If we can verify the food then shelf life dates would not have to be so cautious, the firm believes. “Expiry dates are set conservatively because there is no way of knowing what temperature journey each individual packet is going to go through,” said Pakštaitė. “So you can understand why food manufacturers have chosen that system. But it really doesn’t serve us well because of the amount that we waste. 60% of the food that we throw away in the UK is still perfectly edible and for that points completely at expiry dates.”
The roots of the design as an aid for the visually impaired brings other benefits, added Pakštaitė.
“There’s also a lot of evidence that shows that colour changing indicators are more likely to have a knee-jerk reaction [among consumers].” This problem risks being counterproductive, causing even more food waste. “With something tactile that you can touch we can afford to be binary which gives people the clear cut view they want on their food.”
'When you increase shelf life and increase the perception of freshness – sales go up'
The design also makes business sense, she said.
“The label contains a material which experiences decay at the exact same rate as the food and basically the food inside naturally experiences decay and we can actually calibrate it to have the same spoilage characteristics as the target food. So there’s actually no direct contact between our label and the food product. There are other technologies out there that have some sensing chemicals touching the food, but as you can imagine that’s sometimes a difficult story to sell to consumers and the expense is too great to scale.”
The cost price is around one penny per label. “At that price point we think it’s a very scalable technology,” she said. “We’re able to demonstrate to brands and food companies a clear return on an investment that’s expressed in a reduction in their own waste in their supply chains.”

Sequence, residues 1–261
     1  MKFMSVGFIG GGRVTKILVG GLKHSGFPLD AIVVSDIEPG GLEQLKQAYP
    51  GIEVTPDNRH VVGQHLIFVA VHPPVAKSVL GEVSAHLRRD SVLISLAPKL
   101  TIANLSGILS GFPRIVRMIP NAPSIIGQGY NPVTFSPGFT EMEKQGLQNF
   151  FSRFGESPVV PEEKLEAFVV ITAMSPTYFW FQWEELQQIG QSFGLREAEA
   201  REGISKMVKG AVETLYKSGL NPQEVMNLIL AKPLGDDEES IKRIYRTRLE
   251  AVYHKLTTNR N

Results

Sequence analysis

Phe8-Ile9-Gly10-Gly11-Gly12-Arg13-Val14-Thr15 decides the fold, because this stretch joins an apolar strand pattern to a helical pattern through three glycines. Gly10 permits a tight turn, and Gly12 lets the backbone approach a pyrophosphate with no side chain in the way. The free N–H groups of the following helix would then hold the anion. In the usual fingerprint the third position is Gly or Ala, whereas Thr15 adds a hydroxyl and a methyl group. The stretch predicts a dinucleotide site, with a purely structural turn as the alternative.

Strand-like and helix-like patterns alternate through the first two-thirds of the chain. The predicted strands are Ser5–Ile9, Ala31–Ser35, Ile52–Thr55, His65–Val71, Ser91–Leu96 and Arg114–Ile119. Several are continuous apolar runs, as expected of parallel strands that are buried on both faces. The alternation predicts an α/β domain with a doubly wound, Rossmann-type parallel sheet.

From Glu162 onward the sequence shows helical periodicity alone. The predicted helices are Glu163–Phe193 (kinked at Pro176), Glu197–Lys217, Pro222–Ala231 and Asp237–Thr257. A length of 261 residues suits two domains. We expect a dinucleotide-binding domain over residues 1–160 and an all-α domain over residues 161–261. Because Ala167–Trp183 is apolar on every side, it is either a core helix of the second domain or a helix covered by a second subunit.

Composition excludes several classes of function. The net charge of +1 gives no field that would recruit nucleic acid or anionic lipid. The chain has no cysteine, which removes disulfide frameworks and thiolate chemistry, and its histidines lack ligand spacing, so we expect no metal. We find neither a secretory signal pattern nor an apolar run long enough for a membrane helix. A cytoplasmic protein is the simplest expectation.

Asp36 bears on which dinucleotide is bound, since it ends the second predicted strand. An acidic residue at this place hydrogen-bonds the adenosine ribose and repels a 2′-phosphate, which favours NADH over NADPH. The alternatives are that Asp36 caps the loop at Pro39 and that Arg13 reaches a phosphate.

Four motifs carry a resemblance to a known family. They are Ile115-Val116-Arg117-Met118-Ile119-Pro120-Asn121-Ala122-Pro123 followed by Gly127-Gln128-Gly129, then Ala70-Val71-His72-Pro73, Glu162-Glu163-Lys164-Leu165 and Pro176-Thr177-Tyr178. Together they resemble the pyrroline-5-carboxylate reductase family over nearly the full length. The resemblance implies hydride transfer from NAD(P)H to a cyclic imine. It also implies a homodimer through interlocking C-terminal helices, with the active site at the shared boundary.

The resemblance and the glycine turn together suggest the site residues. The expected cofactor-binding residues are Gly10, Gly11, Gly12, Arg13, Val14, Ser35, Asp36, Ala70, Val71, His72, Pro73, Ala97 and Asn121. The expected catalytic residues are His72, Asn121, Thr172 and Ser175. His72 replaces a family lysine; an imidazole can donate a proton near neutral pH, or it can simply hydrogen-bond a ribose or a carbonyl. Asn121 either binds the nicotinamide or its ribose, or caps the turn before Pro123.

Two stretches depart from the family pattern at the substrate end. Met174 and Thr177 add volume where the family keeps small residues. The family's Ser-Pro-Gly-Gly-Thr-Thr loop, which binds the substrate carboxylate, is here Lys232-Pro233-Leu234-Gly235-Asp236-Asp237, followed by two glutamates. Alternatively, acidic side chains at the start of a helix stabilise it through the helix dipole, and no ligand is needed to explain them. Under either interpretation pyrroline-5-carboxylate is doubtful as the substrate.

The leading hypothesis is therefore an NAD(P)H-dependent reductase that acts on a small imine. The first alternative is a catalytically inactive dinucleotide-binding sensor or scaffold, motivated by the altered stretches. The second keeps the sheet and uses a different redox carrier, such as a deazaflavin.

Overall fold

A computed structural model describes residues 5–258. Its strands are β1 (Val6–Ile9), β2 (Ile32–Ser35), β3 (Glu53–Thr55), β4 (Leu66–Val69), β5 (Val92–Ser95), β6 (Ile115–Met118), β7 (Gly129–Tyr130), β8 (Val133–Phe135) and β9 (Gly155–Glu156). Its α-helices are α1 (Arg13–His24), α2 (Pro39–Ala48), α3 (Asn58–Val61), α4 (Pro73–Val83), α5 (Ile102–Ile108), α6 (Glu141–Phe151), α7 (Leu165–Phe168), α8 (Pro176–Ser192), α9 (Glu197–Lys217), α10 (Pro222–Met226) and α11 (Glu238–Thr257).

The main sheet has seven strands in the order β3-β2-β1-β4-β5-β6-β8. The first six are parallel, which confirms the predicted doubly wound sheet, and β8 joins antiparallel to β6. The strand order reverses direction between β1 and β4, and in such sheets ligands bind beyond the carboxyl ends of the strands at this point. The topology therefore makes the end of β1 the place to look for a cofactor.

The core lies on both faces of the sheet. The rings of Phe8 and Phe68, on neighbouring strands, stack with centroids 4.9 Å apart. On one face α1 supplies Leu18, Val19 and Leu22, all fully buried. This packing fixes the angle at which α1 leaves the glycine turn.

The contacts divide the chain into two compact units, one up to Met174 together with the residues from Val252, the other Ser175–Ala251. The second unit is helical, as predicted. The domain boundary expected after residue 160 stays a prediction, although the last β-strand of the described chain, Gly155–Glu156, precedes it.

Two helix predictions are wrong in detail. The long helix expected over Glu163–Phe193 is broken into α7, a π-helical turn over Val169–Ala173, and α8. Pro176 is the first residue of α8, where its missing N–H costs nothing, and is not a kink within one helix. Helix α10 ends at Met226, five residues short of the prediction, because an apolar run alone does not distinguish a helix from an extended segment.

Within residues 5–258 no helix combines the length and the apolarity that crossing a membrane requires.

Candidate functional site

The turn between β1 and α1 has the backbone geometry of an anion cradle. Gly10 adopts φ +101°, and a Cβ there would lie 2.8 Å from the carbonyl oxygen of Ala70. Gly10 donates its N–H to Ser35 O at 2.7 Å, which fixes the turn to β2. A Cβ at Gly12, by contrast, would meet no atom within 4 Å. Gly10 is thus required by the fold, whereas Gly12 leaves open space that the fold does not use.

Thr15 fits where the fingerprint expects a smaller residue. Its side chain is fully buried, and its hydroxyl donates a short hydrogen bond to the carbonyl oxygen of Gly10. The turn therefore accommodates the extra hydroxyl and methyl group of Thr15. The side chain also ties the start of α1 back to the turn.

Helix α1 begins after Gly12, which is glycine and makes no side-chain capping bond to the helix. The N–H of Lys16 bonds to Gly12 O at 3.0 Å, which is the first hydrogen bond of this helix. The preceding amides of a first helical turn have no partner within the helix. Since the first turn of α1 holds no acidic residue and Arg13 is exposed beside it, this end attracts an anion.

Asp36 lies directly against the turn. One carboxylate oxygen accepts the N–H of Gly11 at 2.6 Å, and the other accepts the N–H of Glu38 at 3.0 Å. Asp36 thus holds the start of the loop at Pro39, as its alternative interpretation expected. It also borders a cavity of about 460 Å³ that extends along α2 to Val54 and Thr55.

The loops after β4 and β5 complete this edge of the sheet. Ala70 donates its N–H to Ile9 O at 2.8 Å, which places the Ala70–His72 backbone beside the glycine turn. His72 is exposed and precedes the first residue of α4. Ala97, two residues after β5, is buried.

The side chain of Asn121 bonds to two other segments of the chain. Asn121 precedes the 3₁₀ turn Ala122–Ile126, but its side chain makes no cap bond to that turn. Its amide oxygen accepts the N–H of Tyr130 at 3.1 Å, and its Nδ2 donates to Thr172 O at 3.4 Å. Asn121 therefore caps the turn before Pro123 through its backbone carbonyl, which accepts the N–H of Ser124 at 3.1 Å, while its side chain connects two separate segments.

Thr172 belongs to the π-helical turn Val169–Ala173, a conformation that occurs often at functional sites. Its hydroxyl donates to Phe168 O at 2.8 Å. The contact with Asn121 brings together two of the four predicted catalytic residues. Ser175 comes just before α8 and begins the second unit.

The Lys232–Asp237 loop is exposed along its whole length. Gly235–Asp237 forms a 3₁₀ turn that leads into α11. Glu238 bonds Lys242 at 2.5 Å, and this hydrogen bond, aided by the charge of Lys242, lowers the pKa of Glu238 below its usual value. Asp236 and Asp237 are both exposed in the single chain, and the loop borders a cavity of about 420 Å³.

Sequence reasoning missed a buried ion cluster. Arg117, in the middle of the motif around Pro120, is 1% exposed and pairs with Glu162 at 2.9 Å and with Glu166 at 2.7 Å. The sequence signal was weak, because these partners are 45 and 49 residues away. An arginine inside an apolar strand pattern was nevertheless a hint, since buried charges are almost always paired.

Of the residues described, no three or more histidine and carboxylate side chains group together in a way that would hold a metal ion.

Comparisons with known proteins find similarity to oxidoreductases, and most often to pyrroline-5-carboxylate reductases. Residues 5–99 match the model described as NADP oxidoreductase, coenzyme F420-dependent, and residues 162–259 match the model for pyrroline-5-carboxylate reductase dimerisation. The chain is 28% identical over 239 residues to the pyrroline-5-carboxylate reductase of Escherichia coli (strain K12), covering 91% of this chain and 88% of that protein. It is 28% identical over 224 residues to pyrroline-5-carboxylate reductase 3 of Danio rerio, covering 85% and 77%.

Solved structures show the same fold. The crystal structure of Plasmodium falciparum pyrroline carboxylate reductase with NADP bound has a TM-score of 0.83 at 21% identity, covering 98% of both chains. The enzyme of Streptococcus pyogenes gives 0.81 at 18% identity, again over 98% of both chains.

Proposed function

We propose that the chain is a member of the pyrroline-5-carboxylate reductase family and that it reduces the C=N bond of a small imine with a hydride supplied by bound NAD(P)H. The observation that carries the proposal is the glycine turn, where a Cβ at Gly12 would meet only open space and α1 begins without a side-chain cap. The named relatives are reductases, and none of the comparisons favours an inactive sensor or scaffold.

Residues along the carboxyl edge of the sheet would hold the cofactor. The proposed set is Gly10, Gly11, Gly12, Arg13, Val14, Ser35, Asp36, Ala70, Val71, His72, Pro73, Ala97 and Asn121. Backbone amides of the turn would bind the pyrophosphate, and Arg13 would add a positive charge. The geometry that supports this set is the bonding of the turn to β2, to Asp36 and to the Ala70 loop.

That return on investment is also expressed in higher sales, she believed.
“When you increase shelf life and increase the perception of freshness – sales go up. If you increase shelf life by two days, sales go up by 10%.” Brand loyalty increases too, she noted.
“We have data that shows that people are going to stay more loyal to the brands that are using Mimica Touch and some people would even be willing to trade up to a more premium brand using Mimica touch. So there’s lots of exciting ways that food companies will be able to see a return on that investment of one penny.”
FoodBytes! by Rabobank is a pitching competition for early stage start-ups, providing them with mentoring and networking opportunities with investors and corporates.
Applications for FoodBytes! London (6-7 November) close on 4 August at 11.59pm GMT. The platform identifies innovations with the potential to disrupt the food industry and supply chain. Areas it focuses on include sustainable farming, packaging, traceability solutions, environmentally-friendly ingredients, food waste reduction and the latest sustainable CPG food start-ups.
The criteria for successful applicants looks at product innovation, market opportunity, traction and commercial viability – with a focus on sustainability and social impact. The full criteria can be found here.
You can view Mimica's successful 2019 pitch here.